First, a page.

Ozymandias in the Anthropocene: the city as an emerging landform

Research output: Contribution to journalArticlepeer-review

Authors

Colleges, School and Institutes

External organisations

  • University of Sydney
  • University of Oxford

Abstract

The extent of urban areas is rapidly expanding across the globe, both horizontally and vertically. While natural and social scientists have examined the impacts of this urbanisation on earth system and social processes, to date researchers have largely overlooked how in turn earth system processes can act on this urban fabric to produce hybrid landforms. Unique pseudokarst landforms are found within the urban fabric, including urban stalactites and urban sinkholes. Additionally, both the chronic and acute degradation of urban buildings can form rubble and dust that, if left in situ, will be shaped by fluvial and aeolian processes. For many of these urban geomorphological processes, the neglect or abandonment of parts of the urban network will facilitate or accelerate their influence. If there are economic, climatic or social reasons for abandonment or neglect, these processes are likely to reshape parts of the urban fabric into unique landforms at a range of scales. We contend that researchers need to explicitly consider the urban fabric as an Anthropocene landform and that by doing so important insights can be gained into urban hazards and geomorphological processes. Shelley's Ozymandias, in which the eponymous king failed to account for the effects of earth system processes acting on ‘mighty’ urban structures over time, serves as an important reminder of the impermanence of our urban works and the need to recognise and understand the processes acting on them.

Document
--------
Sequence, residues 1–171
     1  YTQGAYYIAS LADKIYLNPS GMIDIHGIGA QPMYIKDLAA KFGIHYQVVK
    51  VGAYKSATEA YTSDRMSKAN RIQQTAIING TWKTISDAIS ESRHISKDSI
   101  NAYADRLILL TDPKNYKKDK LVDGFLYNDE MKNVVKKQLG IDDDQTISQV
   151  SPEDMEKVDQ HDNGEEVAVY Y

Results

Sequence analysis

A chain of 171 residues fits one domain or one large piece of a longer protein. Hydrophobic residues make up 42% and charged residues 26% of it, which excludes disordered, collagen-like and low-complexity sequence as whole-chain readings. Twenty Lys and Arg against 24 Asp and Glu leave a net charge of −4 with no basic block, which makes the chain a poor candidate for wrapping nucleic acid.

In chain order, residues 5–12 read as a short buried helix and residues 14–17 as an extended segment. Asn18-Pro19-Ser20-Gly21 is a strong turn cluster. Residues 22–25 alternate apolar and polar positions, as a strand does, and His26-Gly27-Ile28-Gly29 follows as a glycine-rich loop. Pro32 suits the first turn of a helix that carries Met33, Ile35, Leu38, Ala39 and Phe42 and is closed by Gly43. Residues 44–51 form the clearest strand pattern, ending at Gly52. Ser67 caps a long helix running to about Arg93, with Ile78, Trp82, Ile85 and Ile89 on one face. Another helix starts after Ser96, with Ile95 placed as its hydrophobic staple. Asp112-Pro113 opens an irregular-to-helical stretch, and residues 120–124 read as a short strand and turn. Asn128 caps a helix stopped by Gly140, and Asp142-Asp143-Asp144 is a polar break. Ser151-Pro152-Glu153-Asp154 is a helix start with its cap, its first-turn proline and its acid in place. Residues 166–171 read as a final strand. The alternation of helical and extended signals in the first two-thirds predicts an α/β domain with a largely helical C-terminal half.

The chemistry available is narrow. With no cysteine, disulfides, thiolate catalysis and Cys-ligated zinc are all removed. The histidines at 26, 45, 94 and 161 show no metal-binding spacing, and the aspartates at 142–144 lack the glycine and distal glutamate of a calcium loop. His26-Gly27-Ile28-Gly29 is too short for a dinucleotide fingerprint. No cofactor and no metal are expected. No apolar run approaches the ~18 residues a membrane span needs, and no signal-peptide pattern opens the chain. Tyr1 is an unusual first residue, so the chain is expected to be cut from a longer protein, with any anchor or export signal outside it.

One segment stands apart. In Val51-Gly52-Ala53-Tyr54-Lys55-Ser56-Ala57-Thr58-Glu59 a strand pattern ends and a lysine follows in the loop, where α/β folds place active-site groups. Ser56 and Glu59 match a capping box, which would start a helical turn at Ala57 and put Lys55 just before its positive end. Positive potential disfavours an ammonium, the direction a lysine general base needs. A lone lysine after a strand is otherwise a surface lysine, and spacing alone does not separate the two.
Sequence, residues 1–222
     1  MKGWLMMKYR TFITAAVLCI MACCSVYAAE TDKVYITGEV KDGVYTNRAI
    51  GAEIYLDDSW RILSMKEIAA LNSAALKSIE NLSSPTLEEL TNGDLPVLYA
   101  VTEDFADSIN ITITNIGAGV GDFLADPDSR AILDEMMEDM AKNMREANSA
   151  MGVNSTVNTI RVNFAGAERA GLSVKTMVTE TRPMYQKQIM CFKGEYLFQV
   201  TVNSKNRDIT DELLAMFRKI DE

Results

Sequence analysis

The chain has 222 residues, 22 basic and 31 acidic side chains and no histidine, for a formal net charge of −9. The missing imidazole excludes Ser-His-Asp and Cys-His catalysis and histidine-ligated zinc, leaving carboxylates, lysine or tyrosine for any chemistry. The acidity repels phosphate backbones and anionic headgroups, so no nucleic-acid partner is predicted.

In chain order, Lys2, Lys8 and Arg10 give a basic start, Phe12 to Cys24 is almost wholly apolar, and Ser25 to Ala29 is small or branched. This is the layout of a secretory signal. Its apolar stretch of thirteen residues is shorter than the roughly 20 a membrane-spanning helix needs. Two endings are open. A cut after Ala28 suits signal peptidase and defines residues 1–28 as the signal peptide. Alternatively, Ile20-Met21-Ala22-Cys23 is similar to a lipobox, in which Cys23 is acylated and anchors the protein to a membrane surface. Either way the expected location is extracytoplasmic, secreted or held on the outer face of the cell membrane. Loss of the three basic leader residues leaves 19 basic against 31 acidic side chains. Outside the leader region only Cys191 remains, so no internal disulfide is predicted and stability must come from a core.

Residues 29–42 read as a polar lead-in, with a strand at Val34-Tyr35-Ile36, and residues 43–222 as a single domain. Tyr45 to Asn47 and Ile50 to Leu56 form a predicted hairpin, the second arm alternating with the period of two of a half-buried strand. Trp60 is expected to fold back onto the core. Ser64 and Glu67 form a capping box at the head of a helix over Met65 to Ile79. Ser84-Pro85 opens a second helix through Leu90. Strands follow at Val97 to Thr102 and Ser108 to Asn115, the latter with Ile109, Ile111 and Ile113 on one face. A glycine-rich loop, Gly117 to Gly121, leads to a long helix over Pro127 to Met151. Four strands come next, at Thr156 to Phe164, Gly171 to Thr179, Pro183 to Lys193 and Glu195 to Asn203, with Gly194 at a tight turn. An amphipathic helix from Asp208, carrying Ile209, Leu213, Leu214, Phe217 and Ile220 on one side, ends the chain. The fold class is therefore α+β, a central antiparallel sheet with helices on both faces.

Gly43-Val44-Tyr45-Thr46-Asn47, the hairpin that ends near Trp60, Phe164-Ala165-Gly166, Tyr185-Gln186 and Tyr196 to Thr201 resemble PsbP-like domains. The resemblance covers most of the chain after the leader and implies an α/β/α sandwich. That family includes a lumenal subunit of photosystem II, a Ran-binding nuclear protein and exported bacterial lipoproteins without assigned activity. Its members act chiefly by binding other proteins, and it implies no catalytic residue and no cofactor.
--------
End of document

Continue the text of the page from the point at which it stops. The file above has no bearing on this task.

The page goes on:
Details

Original languageEnglish
JournalArea
Early online date21 Jun 2017
Publication statusE-pub ahead of print - 21 Jun 2017

Keywords

  • weathering, urban landforms, Anthropocene, urbanisation, geomorphology, geohazards